Interconnection will also be instrumental in supporting the Internet of Things (IoT), especially on the industrial side of the equation. Forrester data shows that 63 percent of global enterprise telecom decision makers are implementing, expanding, or planning to implement IoT solutions across all major industry categories, and IoT direct spend will exceed USD 400 billion by 2023.[4] The use cases are varied, but the supply chain example we provided above will likely be populated extensively with both autonomous devices as well as intelligent man-to-machine interfaces.

Long Live the Internet!
So does interconnection spell doom for the Internet as we know it? One never knows what the future holds, but it doesn’t appear the Internet is receding any time soon. In fact, the consumer side of the equation is vital, and here, the public Internet remains a permanent force.

Respondents to a survey commissioned by Facebook say that “the Internet has helped them become more independent and economically empowered.” That’s good news for low-income economies where access has increased by 65.1 percent as compared to 8.3 percent worldwide.[5] This is good news for businesses, as these markets represent millions of potential consumers of goods and services. The Internet is the path that brings them to your door.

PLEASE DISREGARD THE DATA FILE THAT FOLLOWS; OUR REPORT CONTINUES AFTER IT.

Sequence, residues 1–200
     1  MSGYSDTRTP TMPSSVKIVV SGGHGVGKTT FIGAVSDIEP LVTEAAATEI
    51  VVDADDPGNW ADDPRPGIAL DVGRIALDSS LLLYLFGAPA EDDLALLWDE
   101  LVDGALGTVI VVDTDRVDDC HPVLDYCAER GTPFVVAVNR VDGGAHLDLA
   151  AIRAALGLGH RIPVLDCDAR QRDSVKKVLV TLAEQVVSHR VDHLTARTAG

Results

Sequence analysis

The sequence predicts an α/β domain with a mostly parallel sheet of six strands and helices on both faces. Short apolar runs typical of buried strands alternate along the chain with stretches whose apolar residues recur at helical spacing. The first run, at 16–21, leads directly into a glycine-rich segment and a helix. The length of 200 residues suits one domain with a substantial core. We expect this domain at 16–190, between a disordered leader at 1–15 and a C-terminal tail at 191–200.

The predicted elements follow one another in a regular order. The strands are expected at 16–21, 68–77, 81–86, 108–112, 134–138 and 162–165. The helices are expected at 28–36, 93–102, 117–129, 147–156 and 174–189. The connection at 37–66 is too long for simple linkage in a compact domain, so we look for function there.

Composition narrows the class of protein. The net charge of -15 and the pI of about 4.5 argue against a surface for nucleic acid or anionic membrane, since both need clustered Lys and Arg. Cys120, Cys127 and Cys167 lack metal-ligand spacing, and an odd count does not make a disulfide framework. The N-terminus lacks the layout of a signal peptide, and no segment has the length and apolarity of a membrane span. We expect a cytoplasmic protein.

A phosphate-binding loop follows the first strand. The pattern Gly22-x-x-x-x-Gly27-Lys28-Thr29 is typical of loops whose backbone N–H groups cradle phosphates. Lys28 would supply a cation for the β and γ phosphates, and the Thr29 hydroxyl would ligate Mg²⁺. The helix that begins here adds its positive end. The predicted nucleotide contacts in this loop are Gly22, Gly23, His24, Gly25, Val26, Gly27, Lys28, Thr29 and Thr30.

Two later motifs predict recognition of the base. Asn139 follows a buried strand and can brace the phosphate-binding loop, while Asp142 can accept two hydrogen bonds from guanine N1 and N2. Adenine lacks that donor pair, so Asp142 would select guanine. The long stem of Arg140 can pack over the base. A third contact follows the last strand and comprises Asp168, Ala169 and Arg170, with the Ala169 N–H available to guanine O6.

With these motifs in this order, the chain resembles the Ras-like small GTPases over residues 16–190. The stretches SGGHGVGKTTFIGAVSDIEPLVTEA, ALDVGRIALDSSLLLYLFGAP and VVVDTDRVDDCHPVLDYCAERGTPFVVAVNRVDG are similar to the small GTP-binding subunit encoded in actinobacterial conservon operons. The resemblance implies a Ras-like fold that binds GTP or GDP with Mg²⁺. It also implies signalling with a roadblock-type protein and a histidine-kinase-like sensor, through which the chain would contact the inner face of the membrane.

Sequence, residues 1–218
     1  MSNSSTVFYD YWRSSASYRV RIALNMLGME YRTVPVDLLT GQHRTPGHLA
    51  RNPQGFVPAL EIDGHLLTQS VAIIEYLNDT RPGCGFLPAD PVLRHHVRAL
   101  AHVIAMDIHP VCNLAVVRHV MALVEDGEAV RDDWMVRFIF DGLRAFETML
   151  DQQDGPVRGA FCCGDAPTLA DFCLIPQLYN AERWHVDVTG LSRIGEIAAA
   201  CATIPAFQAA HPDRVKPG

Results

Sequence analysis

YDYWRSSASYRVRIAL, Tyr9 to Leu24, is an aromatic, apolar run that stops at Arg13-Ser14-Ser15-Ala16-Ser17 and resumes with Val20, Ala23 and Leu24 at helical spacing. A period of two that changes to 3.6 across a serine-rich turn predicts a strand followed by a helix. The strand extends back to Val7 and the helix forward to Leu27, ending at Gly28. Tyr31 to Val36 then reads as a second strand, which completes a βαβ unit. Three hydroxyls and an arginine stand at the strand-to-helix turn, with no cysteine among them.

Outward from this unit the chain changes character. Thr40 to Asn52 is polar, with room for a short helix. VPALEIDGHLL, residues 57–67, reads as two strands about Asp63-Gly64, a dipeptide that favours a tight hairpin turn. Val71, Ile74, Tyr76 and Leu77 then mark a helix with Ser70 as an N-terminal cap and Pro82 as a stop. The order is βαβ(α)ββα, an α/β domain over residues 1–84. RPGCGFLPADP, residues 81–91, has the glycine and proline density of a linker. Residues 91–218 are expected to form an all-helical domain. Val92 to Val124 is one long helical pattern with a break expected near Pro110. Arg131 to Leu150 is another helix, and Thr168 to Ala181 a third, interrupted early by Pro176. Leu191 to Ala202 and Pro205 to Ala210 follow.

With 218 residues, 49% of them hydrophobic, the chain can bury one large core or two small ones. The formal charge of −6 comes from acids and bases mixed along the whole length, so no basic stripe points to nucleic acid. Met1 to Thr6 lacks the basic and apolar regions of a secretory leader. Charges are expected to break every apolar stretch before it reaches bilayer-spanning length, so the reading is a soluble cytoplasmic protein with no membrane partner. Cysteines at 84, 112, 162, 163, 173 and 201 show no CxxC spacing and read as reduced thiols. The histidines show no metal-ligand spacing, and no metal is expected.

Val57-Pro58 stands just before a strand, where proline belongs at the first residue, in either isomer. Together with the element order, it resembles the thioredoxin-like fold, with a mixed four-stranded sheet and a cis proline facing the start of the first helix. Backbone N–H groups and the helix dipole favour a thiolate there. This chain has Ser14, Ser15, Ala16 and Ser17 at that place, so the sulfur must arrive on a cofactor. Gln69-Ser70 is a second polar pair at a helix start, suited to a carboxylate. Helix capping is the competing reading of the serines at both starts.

If anything, we’re entering an age where the Internet reigns supreme. In a recent IBM study, two-thirds (68 percent) of C-suite executives expect organizations to emphasize customer experience over products. Consumer and business buyers in developed economies already do a significant amount of research online before making a purchase. As they come online, buyers in emerging economies are sure to do the same. How companies leverage the internet to reach existing and potential buyers will be a powerful factor in their future success.

Attend PTC’19 in Honolulu as We Explore These Concepts and More
If you’re attending PTC’19 in Honolulu, be sure to add the session Data to the Masses! An Exploration of Networks and Transformation to your agenda. In this session, moderator Eric Hanselman, Chief Analyst for 451 Research, will be joined by many of the experts cited in this article to discuss their research and views on the future of connectivity and networks.

The expert panel will include:

  • Tony Bishop, VP of Global Enterprise Vertical Strategy & Marketing, Equinix, USA
  • Robert Pepper, Head of Global Connectivity Policy and Planning, Facebook, USA
  • James Staten, VP & Principal Analyst – CIOs & Digital Transformation, Forrester Research, USA
  • Rob Van Den Dam, Global Telecommunications, Media and Entertainment Industry Leader, IBM Institute for Business Value, NetherlandsSee you there!

[1]Cybersecurity Regained: Preparing to Face Cyber Attacks, EY, 2017
[2]Cross Border Data Flows, ITIF, 2018
[3]Global C-Suite Study, IBM, 2018
[4]Make Room for the Autonomous Edge in Your IoT Strategy, Forrester, December 2018
[5]The Inclusive Internet Index, The Economist Intelligence Unit, February 2018